>> the measuring device LPFs the noise to pink noise, which in turn
>> introduces correlation between neighboring noise samples, leaving the
>> output of the actual measuring black box as patently "non-white".
>> Hence, what we measure is "assumed" to be white noise, but this
>> assumption may never be experimentally verified as fact, since the very
>> act of measurement converts it to some sort of colored noise.
>>
>> Then how may the existence of pure white noise be verified, if it ever
>> exists in nature, or is it just another mathematical contraption to
>> simplify signal modeling?
>>
>> (PS: This problem is similiar to the paradox of the position and
>> momentum of elementary particles, aka Heisenberg's principle)
>>
>> Please comment where I am right or wrong in this direction of
>> thinking....
>
> I think you are right all along:
>
> - Perfect white noise must, if it exists, have a constant PDF
>   on the interval <-inf, inf>
> - Hence it has infinite power
> - Hence its existence is questionable, at best.
> - White noise is a useful *model* for analysis of *bandlimited *
>   systems
> - There s no such thing as a measurement system with a
>   perfect impulse response
>
> Nah, I agree with you on all your points.

Even the model is oversimplified. The noise power of a resistor is given
a kTR = v^2/R, so the open-circuit noise voltage v = R*sqrt(kT). All
well and good I suppose, and when the resistor is shorted the current is
v/R = sqrt(kT). Consider a loop consisting of two resistors (series?
parallel?). Are the currents the same in each? Kirchoff's laws say yes,
but that's not reasonable. Proof: make each "resistor" one of the
windings (rotor, stator) of a series motor. The motor's torque is
proportional to the square if the winding current, hence unidirectional.
If Kirchoff's current law applies, we have a perpetual motion machine.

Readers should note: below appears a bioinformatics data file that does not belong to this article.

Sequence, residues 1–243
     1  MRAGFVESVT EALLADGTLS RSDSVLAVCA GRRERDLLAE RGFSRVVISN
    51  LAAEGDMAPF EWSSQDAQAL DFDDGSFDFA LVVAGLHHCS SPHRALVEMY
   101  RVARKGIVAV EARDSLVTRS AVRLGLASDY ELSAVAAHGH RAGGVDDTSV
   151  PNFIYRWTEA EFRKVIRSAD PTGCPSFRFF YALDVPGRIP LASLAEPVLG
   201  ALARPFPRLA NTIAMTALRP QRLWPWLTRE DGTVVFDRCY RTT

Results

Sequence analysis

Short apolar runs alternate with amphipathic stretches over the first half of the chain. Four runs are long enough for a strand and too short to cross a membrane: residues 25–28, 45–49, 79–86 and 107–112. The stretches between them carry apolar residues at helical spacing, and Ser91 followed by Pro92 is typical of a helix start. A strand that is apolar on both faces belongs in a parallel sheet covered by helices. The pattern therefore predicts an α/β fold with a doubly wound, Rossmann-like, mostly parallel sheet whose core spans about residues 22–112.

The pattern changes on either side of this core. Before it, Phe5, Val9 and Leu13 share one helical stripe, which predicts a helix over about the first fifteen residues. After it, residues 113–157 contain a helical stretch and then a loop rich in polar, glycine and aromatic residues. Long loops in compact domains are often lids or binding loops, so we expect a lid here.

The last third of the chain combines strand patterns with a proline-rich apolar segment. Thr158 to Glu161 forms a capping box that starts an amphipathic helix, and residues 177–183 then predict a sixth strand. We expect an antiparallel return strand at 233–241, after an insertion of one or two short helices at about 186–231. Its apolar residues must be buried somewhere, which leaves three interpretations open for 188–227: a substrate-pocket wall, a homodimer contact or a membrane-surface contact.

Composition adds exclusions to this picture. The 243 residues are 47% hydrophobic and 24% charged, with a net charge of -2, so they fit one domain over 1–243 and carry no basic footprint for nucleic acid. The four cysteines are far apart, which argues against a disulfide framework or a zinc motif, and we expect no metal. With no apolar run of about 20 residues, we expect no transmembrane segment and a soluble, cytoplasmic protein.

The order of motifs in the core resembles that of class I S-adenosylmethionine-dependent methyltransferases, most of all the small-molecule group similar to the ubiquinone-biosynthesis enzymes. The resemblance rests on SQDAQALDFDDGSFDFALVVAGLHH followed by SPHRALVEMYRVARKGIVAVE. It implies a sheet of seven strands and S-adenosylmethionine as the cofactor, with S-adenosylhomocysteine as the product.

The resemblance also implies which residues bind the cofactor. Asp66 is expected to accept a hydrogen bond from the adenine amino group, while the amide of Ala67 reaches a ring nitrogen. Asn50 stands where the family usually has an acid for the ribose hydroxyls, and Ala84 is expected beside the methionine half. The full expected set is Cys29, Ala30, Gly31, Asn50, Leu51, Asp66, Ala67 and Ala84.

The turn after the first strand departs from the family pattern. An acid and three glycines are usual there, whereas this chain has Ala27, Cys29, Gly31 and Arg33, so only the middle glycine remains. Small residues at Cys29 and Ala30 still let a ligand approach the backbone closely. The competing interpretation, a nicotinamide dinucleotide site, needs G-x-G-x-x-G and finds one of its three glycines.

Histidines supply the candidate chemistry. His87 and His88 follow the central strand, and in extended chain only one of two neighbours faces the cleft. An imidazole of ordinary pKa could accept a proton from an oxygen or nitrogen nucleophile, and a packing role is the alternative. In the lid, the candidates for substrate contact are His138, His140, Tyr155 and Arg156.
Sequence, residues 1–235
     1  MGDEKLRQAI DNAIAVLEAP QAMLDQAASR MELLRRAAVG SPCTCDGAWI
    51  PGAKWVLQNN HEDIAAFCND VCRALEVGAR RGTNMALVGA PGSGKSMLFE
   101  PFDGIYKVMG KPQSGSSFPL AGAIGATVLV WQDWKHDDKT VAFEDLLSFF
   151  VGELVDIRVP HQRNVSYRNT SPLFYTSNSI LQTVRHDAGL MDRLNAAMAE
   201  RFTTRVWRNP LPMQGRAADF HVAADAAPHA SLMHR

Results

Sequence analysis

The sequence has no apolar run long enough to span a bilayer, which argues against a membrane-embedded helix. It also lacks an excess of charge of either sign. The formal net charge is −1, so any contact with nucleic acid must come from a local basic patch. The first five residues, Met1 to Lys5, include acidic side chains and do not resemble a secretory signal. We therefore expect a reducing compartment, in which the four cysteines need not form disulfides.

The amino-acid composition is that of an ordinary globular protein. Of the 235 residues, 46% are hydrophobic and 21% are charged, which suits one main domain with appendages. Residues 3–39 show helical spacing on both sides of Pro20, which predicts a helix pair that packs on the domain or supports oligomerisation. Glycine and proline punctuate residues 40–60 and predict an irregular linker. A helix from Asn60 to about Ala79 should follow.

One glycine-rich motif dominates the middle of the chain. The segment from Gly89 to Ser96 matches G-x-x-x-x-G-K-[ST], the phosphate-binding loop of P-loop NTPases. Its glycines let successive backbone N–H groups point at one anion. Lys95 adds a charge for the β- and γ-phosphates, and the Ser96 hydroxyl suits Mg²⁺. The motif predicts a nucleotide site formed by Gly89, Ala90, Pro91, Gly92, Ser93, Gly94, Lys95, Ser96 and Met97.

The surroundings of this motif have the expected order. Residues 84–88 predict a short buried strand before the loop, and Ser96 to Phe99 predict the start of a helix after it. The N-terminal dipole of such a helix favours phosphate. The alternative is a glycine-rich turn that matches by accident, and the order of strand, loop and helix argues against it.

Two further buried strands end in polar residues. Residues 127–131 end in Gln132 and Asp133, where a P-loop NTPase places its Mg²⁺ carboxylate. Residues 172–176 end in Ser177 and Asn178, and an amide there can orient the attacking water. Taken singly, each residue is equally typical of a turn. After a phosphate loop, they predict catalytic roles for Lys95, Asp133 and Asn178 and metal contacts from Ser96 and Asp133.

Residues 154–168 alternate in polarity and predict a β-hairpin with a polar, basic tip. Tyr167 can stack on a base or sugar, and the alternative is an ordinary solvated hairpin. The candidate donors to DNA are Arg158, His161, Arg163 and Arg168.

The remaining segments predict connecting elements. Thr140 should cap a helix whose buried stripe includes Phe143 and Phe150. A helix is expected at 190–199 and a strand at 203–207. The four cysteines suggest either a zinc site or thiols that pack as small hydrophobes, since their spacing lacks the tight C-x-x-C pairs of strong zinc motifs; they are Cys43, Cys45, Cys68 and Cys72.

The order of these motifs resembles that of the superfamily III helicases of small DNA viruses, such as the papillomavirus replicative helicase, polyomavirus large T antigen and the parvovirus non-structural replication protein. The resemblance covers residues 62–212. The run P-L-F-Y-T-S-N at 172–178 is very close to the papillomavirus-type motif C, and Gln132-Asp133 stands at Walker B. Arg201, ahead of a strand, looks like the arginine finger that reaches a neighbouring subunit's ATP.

Oh well, another one of my "inventions" shot down! :-)

Jerry
--
Engineering is the art of making what you want from things you can get.
¯¯¯¯¯¯¯¯¯¯¯¯¯¯¯¯¯¯¯¯¯¯¯¯¯¯¯¯¯¯¯¯¯¯¯¯¯¯¯¯¯¯¯¯¯¯¯¯¯¯¯¯¯¯¯¯¯¯¯¯¯¯¯¯¯¯¯¯¯¯¯
```
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# Re: Does perfect white noise really exist? - Clay - 2006-06-27 09:46:00

```Ben wrote:
noise.
>
> Then how may the existence of pure white noise be verified, if it ever
> exists in nature, or is it just another mathematical contraption to
> simplify signal modeling?
>
>>
> Partho

Hello Partho,

Even thermal noise has an upper limit. At room temperature a resistor
appears to have all frequencies at equal power, but a roll off starts
to occur in the tens of gigahertz.

As you stated measuring devices have frequency response limitations, so
some noise sources as measured by these devices will be
indestinguishable from mathematically ideal white noise. So this
modelling is often okay as long as some assumptions are met.

Clay

```
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# Re: Does perfect white noise really exist? - Clay - 2006-06-27 09:53:00

```Jerry Avins wrote:

>
> Even the model is oversimplified. The noise power of a resistor is given
> a kTR = v^2/R, so the open-circuit noise voltage v = R*sqrt(kT). All
> well and good I suppose, and when the resistor is shorted the current is
> v/R = sqrt(kT). Consider a loop consisting of two resistors (series?
> parallel?). Are the currents the same in each? Kirchoff's laws say yes,
> but that's not reasonable. Proof: make each "resistor" one of the
> windings (rotor, stator) of a series motor. The motor's torque is
> proportional to the square if the winding current, hence unidirectional.
> If Kirchoff's current law applies, we have a perpetual motion machine.
>
> Oh well, another one of my "inventions" shot down! :-)
>
> Jerry
> --

Jerry,

The derivation for the Johnson Nyquist formula assumes thermal dynamic
equilibrium and zero average current flow. If your noise source is
performing work your temperatures are unequal. Plus Kirchoff's "laws"
don't apply to statistical fluctuations.
Clay

```